Whether it is a lasting tilak on his forehead or multiple temple visits, he has made those rituals public for the larger body to see that he understands the diversity of Hinduism and is keen to participate in it. Earlier, he wanted to change the party and today he wants to be the glue which brings everyone together. His earlier version of secularism was rooted in his European experience but today it travels a civilisational path where the state remains secular but civil society’s behaviour gets moderated by the largest majority of the country.
Obviously, he doesn’t accept its zealotry but accepts that there nothing wrong in expressing political thought through classical religious or cultural idioms like 'machli ki aankh' which did in monday’s CWC which is associated with Arjuna’s ‘focus’ in Mahabharat.
Rahul is both weakness and strength of the Congress party. He unites the party but also ensures that mobility is restricted to the second tier.
He has a very well entrenched and sophisticated opponent in Modi. He represents the worst fears of the Congress. PM cut from the traditional cloth of RSS against whom the founding fathers of the Congress battled. His life too will be full of contradictions. Rahul is both weakness and strength of the Congress party. He unites the party but also ensures that mobility is restricted to the second tier.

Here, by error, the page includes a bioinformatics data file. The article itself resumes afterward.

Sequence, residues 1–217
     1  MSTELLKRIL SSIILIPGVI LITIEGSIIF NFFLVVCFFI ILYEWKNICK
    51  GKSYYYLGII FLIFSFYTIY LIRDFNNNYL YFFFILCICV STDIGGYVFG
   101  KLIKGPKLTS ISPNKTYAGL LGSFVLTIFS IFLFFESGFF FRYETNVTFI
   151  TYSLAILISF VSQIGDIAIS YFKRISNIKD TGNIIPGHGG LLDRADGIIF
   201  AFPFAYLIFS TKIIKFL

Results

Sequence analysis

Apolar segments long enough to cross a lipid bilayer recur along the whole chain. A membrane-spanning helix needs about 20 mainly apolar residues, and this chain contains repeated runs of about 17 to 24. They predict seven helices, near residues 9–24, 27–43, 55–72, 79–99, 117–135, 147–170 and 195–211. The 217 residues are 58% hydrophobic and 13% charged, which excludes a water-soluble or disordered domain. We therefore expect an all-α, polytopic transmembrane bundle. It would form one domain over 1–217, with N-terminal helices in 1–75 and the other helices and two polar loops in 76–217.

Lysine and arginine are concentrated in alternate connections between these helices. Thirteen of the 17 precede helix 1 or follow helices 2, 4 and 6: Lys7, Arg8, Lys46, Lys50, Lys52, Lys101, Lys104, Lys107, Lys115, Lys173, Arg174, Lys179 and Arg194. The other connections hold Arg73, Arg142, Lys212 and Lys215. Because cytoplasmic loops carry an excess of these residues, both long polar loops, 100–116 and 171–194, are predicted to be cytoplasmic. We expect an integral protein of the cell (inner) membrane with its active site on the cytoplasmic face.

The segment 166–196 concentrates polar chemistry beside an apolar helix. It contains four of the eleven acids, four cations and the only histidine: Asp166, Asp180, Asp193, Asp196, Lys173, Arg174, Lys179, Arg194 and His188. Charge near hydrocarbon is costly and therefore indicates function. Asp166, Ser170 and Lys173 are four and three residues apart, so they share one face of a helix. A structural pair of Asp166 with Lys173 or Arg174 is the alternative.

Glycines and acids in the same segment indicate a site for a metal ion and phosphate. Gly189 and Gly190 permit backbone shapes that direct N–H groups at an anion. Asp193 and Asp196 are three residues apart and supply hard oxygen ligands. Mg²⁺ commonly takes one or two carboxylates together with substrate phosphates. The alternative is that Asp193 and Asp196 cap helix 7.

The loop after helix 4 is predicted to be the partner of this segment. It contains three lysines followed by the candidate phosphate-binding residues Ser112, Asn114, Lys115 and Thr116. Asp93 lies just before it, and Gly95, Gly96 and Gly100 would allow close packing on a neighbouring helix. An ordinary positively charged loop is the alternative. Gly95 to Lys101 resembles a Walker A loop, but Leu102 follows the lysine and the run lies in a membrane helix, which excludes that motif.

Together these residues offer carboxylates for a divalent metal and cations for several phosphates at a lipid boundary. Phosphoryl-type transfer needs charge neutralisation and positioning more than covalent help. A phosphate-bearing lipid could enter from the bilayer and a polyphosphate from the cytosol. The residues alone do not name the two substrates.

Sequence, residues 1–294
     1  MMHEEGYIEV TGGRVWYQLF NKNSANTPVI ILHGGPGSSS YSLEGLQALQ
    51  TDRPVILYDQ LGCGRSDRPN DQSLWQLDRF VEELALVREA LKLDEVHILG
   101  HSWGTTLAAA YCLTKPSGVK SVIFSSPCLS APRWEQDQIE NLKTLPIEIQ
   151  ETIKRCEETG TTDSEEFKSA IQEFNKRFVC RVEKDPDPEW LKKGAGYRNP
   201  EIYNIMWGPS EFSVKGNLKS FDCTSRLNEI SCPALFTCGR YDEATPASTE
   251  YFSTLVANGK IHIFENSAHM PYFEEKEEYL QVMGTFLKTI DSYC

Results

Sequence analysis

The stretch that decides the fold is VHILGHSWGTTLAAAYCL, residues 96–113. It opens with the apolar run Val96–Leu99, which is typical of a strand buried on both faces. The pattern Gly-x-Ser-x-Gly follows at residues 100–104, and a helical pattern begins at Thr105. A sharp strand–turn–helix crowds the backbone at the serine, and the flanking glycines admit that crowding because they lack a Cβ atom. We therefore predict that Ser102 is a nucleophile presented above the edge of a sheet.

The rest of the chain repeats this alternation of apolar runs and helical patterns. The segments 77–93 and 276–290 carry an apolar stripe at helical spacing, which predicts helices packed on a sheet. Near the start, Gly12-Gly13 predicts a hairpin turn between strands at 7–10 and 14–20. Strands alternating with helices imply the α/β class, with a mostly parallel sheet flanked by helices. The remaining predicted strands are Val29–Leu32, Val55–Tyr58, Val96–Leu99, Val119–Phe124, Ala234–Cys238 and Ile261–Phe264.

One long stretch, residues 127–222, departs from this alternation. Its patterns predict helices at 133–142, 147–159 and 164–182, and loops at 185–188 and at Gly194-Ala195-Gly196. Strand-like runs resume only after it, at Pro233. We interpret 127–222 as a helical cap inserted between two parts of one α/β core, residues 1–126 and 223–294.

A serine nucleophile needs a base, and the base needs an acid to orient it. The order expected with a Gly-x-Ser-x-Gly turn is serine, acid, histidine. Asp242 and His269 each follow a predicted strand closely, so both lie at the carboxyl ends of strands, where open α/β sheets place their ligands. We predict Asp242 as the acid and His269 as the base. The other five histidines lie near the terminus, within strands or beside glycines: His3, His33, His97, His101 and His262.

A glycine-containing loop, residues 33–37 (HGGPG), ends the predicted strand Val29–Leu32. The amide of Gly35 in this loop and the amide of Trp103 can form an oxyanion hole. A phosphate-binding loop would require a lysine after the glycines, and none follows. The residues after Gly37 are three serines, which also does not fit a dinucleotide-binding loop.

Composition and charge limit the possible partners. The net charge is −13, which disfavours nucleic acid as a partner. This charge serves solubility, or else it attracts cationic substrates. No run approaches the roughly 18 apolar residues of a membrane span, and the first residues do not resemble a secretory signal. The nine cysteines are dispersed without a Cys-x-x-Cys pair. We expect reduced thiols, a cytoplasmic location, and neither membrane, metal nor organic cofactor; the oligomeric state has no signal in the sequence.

He can allow families greater political space than BJP but cannot stop them for the sake of organisational parity. YSR Reddy’s legacy is a classic example of it when his son Jagan Mohan Reddy rebelled against the Congress.
Rahul Gandhi’s journey has been that of privilege but it brought in its own set of contradictions. Rahul was new and untainted. He was fresh with ideas. The Congress party was set in the ways and since Rahul Gandhi came top down, the changes became even more difficult to effect. His ideas drew legitimacy from his lineage and not popular appeal. Things Kejriwal and Modi did Rahul could not because he had to deal with a well-placed power arrangement.